Thursday, 15 February 2018

I'll be okay.

On Tuesday night I went back through old blog posts, mostly from the past year. I forgot that I would find it a difficult process, that it would upset me, but I carried on with it anyway.

It's an odd thing to revisit feelings you publicly articulated in a way that was not too personal but personal enough. Reading some of the posts made me sad because I had been sad for a large part of last year. I noticed patterns in my writing such as always telling the reader, but mostly myself, that it was all going to be okay in the concluding paragraph. I knew that I was writing those posts, exposing such a deep and unsettling emotion, because I was going to be okay.

I felt so sad re-reading my own writing because I felt so far away from the girl saying all those things. It's a good thing that I no longer resonate with that feeling, that it has become something distant, but I forgot how lost I was. I had an overwhelming desire to tell this girl, who had written all these sad things, that she really definitely was going to be okay. It would not last as long as she thought it would (it felt like it would never end), and it would not get the better of her.

In wanting to reach back to myself and show her how I feel now I know that I will never be her again. I know that I will feel sad, deeply and painfully sad, and maybe I'll write about it here, but I will never feel so trapped and so endlessly low.

Because it ends, I know that it ends. And I can come back here, to this place where I'm sharing a lot of the things going round in my head, and I can remind myself that I did it, that I'll do it again, that it won't last. And that I'll be okay.

Thursday, 8 February 2018

Existing.

I didn’t delete blog posts until recently. In fact, I’ve only done it once. Most of the time I am quite comfortable with writing something very personal and posting it on the Internet. If it’s something I’d be happy telling a person I’ve just met I know that I’ll be happy sharing it with whoever cares. But there is a line, it’s a deeply personal line in my head, and I know that I’ve crossed it when I keep cringing as if I’ve told someone an embarrassing secret. Not just someone, anyone with a WiFi connection. 

I think a lot about whether I share too much on my blog. I pride myself on always being my authentic self but I sometimes wonder if by constantly publicly writing about it I lose a bit of it to a virtual space. Or to people who aren’t listening. Because I am wanting people to listen.

Does it matter who you are saying something to or is it just the fact that you are saying it at all that counts?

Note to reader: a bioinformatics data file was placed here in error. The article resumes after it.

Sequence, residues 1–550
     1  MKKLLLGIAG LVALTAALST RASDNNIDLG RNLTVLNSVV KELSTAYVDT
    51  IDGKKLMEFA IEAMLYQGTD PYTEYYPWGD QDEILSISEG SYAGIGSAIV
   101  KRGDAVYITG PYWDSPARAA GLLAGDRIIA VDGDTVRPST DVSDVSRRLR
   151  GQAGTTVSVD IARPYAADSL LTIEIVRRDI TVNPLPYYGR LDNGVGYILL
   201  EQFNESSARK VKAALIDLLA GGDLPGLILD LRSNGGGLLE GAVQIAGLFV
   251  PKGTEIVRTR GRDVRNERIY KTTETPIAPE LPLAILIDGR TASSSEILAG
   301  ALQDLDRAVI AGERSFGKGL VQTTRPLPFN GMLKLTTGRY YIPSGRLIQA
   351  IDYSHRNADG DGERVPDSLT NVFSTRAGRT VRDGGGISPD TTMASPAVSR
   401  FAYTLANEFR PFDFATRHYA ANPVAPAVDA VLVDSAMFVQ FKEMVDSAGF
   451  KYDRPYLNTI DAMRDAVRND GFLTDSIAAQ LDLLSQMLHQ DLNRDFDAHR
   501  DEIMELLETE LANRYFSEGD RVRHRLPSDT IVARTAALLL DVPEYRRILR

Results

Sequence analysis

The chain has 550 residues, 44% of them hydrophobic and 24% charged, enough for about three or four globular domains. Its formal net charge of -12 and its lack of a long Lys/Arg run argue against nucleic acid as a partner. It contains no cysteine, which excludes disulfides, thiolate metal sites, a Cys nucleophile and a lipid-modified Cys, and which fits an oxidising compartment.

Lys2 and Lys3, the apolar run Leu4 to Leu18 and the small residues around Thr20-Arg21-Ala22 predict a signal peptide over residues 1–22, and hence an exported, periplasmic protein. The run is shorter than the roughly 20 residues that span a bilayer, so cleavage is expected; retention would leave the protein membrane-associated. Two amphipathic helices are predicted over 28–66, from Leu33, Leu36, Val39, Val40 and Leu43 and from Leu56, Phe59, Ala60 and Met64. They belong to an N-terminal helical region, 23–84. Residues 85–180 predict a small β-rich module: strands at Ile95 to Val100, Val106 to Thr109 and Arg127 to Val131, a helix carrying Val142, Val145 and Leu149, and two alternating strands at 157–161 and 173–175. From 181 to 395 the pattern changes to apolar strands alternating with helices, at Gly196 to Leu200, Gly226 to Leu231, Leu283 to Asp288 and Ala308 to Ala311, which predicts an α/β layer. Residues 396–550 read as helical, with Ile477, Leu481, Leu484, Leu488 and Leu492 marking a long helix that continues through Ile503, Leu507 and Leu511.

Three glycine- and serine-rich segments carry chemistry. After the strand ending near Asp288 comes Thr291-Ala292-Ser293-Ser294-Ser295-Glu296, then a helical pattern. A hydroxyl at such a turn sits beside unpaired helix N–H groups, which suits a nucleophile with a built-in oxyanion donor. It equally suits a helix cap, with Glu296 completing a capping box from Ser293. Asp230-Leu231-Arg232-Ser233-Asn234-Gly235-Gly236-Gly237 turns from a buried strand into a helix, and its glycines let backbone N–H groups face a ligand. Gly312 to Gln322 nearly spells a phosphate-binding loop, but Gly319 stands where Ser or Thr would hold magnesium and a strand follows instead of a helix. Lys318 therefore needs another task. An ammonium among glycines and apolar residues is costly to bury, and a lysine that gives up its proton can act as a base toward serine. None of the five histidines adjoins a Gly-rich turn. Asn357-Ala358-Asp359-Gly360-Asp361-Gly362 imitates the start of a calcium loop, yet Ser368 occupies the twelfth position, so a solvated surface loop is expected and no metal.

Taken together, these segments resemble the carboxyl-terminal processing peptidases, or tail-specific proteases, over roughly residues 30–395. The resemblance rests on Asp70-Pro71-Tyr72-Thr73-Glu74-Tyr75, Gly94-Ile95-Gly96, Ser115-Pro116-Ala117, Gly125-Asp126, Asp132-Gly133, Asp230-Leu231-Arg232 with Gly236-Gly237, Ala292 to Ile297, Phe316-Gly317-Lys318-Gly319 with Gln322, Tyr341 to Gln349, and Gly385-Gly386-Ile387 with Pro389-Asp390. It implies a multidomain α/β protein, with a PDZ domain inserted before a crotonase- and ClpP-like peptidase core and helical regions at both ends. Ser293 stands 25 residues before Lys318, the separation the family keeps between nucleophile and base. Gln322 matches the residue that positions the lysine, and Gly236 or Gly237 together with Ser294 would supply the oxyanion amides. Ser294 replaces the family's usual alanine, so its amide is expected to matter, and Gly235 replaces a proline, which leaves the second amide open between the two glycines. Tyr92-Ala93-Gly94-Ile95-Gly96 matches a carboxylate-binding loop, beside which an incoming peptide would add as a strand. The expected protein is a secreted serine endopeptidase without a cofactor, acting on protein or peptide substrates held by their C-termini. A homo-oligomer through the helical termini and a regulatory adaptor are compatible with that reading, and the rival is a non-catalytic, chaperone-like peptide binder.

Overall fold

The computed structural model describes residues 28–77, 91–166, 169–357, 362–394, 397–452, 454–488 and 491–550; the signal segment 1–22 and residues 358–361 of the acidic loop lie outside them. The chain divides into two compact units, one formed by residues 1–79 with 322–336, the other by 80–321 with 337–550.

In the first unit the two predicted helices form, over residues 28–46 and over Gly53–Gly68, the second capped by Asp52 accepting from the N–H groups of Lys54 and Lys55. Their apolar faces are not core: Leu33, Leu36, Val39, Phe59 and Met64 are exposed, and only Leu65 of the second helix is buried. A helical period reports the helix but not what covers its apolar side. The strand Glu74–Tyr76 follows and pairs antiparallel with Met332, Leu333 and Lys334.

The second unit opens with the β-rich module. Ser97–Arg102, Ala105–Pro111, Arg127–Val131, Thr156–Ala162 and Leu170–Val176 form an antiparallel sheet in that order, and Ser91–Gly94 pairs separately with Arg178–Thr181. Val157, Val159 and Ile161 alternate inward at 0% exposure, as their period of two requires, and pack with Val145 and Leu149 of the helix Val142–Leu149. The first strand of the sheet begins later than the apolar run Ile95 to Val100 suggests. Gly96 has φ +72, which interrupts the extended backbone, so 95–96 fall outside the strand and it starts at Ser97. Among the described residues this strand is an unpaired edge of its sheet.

I guess it all just comes down to existing. To wanting to prove that you existed as much as you can. To leave footprints with words and feelings on the people you encounter, and expanding it out to people you never will. Do those people really care? Will they really remember? 

I think of people I look up to whom I will never meet because they are too famous or too famous and dead and I think of the impact they have made on me. I have pictures of Audrey Hepburn all over my room, and I declared an undying love for Regina Spektor at the age of 12 which is yet to die out. And they have shaped me, in small ways, and they have influenced how I think or behave or look. I was never alive at the same time as Audrey Hepburn but whatever she left behind still reached me, I still benefit from what she did with her life. 

I think about books I’ve read when I’ve felt scared or sad or lonely, or films that have helped me escape, or music I’ve felt inspired by and I realise that even if I never meet or know the person or people behind those things they still reached me. They still made an impact. They still made me feel less alone, less fearful, less weird. 


If I can do that on a much smaller scale, help someone, make someone think, then I know that my oversharing is worth it. I know that my being completely honest and open is good for me and maybe for someone else. And maybe I won’t just fade, and someone will know that I existed. 

Thursday, 1 February 2018

Coward.

Last night I found myself standing on a stage in front of about 100 people completely butchering my lines. No one really noticed apart from the director and my cast members, and even then they weren't sure because, God knows how, I kept in character.

I only realised that I was getting things really wrong when I looked up at my poor cast-mate's embarrassed face as I repeated words twice and didn't make any sense. She has countless more lines to remember than I do and never butchers them, I had one monologue and was messing it up.

I knew immediately that I had let myself down through lack of focus. I had let myself go into autopilot and forgotten to be in the moment. I could have told you it was going to happen before I got on stage when I was silently panicking that the emotion I had brought to focus the night before wasn't there. And I could have done a lot more to stop my mind from wandering but I got so caught up in feeling scared and believing, before it had happened, that I was going to mess up my performance that I did.

I keep doing that a lot in various parts of my life recently. Believing that I can't do something and subsequently not being able to do it. Paradoxically I know that I can do whatever it is I'm trying to do, and that I have the potential to do it really well, but it's almost like I self-sabotage as if to prove myself right, or wrong, depending which way you look at it. Perhaps I do this as an excuse not to do things that scare me, or in an attempt to avoid failure. Perhaps I'm just being a coward. Perhaps I just need to stop pretending that I don't believe in myself.